Miniaturisation of EVAR heralds percutaneous era

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An exciting opportunity awaits interventional radiologists with the miniaturisation of EVAR devices. The new-generation devices have shown a trend towards being lower in profile and some are designed for an entirely percutaneous approach.

In contrast, first-generation endografts had a large profile (24–27 outside diameter), were inflexible, cumbersome to deploy, worked sub-optimally in complex anatomy and had a high incidence of procedural complications. Over time, physicians have identified that with these first generation devices, there were frequent late complications such as device migration, modular component separation, high permeability and endotension, endoleaks and loss of structural integrity.

 

The concerns about durability of EVAR devices are based on the fact that most published trials reported significant re-intervention rates for complications such as endoleak and kinking. This weakness in durability also has an economic consideration, as the cost of re-intervention and post-procedural surveillance means that EVAR with older technology, is less cost-effective than open surgical repair.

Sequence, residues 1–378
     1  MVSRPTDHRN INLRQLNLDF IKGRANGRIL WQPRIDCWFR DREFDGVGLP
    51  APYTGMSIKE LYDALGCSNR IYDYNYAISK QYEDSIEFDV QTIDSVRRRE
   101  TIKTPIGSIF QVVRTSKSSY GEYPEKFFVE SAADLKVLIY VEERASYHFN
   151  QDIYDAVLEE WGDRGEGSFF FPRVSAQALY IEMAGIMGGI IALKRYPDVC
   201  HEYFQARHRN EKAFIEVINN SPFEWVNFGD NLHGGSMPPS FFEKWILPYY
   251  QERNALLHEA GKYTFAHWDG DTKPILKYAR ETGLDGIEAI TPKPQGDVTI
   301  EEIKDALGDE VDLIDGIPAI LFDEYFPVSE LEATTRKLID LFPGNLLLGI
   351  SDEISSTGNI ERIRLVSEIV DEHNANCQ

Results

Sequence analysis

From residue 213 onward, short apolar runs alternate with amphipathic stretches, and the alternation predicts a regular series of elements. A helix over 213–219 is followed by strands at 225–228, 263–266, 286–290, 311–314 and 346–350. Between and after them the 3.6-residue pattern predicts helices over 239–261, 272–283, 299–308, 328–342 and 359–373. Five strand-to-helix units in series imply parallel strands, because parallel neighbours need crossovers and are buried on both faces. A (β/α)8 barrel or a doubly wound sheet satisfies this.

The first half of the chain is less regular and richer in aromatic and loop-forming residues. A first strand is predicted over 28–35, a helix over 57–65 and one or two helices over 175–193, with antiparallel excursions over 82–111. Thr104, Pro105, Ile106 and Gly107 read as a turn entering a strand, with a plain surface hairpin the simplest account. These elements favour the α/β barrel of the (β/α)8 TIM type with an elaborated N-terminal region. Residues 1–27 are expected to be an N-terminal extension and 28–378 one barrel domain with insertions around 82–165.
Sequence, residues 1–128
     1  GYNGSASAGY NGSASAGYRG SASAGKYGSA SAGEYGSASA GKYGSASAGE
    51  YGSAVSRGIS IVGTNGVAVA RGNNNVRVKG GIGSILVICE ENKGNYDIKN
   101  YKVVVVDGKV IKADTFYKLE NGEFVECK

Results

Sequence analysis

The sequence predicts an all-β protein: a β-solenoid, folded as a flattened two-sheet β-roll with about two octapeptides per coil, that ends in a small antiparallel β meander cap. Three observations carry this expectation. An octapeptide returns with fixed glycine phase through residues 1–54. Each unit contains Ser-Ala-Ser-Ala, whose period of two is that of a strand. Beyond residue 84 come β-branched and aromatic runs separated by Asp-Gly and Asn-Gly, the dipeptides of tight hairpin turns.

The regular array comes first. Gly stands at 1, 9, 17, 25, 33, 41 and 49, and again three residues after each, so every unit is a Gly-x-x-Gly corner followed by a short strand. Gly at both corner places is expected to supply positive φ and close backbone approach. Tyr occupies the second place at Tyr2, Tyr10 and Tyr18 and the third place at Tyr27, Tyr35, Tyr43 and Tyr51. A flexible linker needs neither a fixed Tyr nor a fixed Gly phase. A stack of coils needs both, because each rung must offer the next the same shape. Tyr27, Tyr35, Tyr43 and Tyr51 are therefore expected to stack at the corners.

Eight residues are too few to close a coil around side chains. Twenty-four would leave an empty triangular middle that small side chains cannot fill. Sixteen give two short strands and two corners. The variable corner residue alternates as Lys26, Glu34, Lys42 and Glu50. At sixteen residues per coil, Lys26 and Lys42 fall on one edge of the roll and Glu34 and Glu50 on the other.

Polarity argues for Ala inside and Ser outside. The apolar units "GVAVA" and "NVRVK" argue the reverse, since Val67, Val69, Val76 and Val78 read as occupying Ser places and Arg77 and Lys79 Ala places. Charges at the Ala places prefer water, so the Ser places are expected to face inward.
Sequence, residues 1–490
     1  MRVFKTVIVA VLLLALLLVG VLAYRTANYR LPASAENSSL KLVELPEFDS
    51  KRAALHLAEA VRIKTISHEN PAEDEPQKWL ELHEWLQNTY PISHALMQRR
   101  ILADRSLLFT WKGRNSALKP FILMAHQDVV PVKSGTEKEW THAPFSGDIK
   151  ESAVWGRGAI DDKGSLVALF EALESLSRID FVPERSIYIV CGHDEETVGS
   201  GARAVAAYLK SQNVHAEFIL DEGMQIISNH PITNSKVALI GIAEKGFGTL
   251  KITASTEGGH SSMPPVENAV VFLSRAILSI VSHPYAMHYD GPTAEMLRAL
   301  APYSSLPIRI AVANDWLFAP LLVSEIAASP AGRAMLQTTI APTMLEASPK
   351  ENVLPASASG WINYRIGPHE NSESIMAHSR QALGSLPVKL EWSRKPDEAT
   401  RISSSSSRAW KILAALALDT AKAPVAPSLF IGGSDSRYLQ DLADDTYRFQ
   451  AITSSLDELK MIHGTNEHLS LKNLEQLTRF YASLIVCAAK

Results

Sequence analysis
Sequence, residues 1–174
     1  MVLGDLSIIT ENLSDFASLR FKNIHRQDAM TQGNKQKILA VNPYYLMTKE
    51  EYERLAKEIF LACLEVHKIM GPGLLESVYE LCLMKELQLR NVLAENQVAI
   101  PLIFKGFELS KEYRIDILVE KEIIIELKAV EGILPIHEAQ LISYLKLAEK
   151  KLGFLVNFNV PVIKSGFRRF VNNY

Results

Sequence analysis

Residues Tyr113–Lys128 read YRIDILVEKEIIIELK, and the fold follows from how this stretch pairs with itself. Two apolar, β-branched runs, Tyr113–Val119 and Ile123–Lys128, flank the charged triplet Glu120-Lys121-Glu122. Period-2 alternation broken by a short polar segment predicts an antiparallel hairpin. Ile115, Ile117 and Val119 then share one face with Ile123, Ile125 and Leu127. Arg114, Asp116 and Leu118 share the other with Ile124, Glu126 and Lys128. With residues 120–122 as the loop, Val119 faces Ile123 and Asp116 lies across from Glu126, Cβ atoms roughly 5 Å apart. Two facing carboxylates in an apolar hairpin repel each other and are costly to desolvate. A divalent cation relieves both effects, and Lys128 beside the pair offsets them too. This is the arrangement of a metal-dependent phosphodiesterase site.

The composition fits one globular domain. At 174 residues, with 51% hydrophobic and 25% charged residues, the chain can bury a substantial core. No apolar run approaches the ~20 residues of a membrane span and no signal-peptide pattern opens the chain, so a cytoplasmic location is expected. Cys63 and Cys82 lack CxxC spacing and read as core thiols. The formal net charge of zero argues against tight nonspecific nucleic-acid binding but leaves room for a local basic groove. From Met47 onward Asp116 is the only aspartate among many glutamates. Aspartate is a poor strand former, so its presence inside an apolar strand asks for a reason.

Another challenge associated with EVAR is that only 50% of AAA patients were candidates for EVAR because half of the patients are excluded because of unfavourable neck anatomy and iliac anatomy.

 

“The two areas of opportunities in EVAR applicability are the proximal neck (with respect to conformability, accommodation and seal zone) and the iliac access (where profile, trackability and kink resistance come into play),” said Zvonimir Krajcer, programme director, Peripheral Vascular Interventions, Department of Cardiology, St Luke’s Episcopal Hospital and Texas Heart Institute, Houston, USA.

 

He told delegates at ISET in January 2011 that on the other hand newer generation devices offer ease of use, better accuracy in deployment, wider applications for challenging anatomy, low-profile delivery systems, more opportunities for non-surgical specialists and better durability. The question remains, how will device modification contribute to improved results?